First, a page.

The term “Ar” as used herein, means an unsubstituted or substituted aryl and/or heteroaryl group which, in the case of heteroaryl, may contain up to two heteroatoms, wherein the constituents are independently selected from the group consisting of OH, C1-6alkyl, C1-6alkoxy, NH2, NH—C1-6alkyl, N(C1-6alkyl)(C1-6alkyl), SH, S—C1-6alkyl, NO2, CF3, OCF3 and halo, and includes unsubstituted or substituted phenyl, furyl, thienyl, indolyl, naphthyl, quinolyl and the like.

The term “halo” as used herein means halogen and includes chloro, flouro, bromo, iodo and the like.

The term “pharmaceutically acceptable salt” means an acid addition salt or a basic addition salt which is suitable for or compatible with the treatment of patients.

The term “compound of the invention” as used herein includes any compound of the Formula I, II or III as defined herein (including all salts, solvates or hydrates thereof) as well as a specific compound designated herein as CR1, CR2, CR3, CR4, CR5, CR8, CR9, CR11, CR12, CR13, CR14, CR15, CR16, CR17, CR18, CR19, CR20, CR21, CR24, CR27, CR28, and CR29 (including all salts, solvates or hydrates thereof).

The term “pharmaceutically acceptable acid addition salt” as used herein means any non-toxic organic or inorganic salt of any base compounds represented by Formulae I, II and/or III or any of their intermediates. Illustrative inorganic acids which form suitable salts include hydrochloric, hydrobromic, sulfuric and phosphoric acids, as well as metal salts such as sodium monohydrogen orthophosphate and potassium hydrogen sulfate. Illustrative organic acids that form suitable salts include mono-, di-, and tricarboxylic acids such as glycolic, lactic, pyruvic, malonic, succinic, glutaric, fumaric, malic, tartaric, citric, ascorbic, maleic, benzoic, phenylacetic, cinnamic and salicylic acids, as well as sulfonic acids such as p-toluene sulfonic and methanesulfonic acids. Either the mono or di-acid salts can be formed, and such salts may exist in either a hydrated, solvated or substantially anhydrous form. In general, the acid addition salts of compounds of Formulae I, II and/or III are more soluble in water and various hydrophilic organic solvents, and generally demonstrate higher melting points in comparison to their free base forms. The selection of the appropriate salt will be known to one skilled in the art. Other non-pharmaceutically acceptable salts, e.g. oxalates, may be used, for example, in the isolation of compounds of Formulae I, II and/or III for laboratory use, or for subsequent conversion to a pharmaceutically acceptable acid addition salt.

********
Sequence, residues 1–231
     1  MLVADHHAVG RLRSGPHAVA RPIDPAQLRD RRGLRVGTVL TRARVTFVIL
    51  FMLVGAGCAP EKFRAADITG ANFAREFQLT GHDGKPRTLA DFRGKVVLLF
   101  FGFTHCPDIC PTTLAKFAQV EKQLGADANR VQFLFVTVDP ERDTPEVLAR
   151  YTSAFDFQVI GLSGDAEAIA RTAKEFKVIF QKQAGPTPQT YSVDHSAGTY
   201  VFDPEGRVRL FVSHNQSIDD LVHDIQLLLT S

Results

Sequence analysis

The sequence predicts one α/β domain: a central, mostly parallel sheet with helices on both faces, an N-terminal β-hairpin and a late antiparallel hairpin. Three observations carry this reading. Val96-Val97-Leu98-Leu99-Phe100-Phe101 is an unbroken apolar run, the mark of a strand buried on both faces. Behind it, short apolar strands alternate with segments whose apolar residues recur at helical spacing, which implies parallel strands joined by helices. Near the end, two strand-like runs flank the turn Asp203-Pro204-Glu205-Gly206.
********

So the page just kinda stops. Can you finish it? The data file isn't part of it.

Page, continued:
The term “pharmaceutically acceptable basic addition salt” as used herein means any non-toxic organic or inorganic base addition salt of any acid compounds represented by Formulae I, II and/or III or any of their intermediates. Illustrative inorganic bases which form suitable salts include lithium, sodium, potassium, calcium, magnesium or barium hydroxide. Illustrative organic bases which form suitable salts include aliphatic, alicyclic or aromatic organic amines such as methylamine, trimethylamine and picoline or ammonia. The selection of the appropriate salt will be known to a person skilled in the art.

The term “solvate” as used herein means a compound of Formulae I, II and/or III, or a pharmaceutically acceptable salt of a compound of Formulae I, II and/or III, wherein molecules of a suitable solvent are incorporated in the crystal lattice. A suitable solvent is physiologically tolerable at the dosage administered. Examples of suitable solvents are ethanol, water and the like. When water is the solvent, the molecule is referred to as a “hydrate”.

The term an “effective amount” or a “sufficient amount” of an agent as used herein is that amount sufficient to effect beneficial or desired results, including clinical results, and, as such, an “effective amount” depends upon the context in which it is being applied. For example, in the context of administering an agent that inhibits cancer cell proliferation, an effective amount of an agent is, for example, an amount sufficient to achieve such a reduction in cancer cell proliferation as compared to the response obtained without administration of the agent.

As used herein, and as well understood in the art, “treatment” is an approach for obtaining beneficial or desired results, including clinical results. Beneficial or desired clinical results can include, but are not limited to, alleviation or amelioration of one or more symptoms or conditions, diminishment of extent of disease, stabilized (i.e. not worsening) state of disease, preventing spread of disease, delay or slowing of disease progression, amelioration or palliation of the disease state, and remission (whether partial or total), whether detectable or undetectable. “Treatment” can also mean prolonging survival as compared to expected survival if not receiving treatment.

“Palliating” a disease or disorder means that the extent and/or undesirable clinical manifestations of a disorder or a disease state are lessened and/or time course of the progression is slowed or lengthened, as compared to not treating the disorder.

The term “modulate” as used herein includes the inhibition or suppression of a function or activity (such as cell proliferation) as well as the enhancement of a function or activity.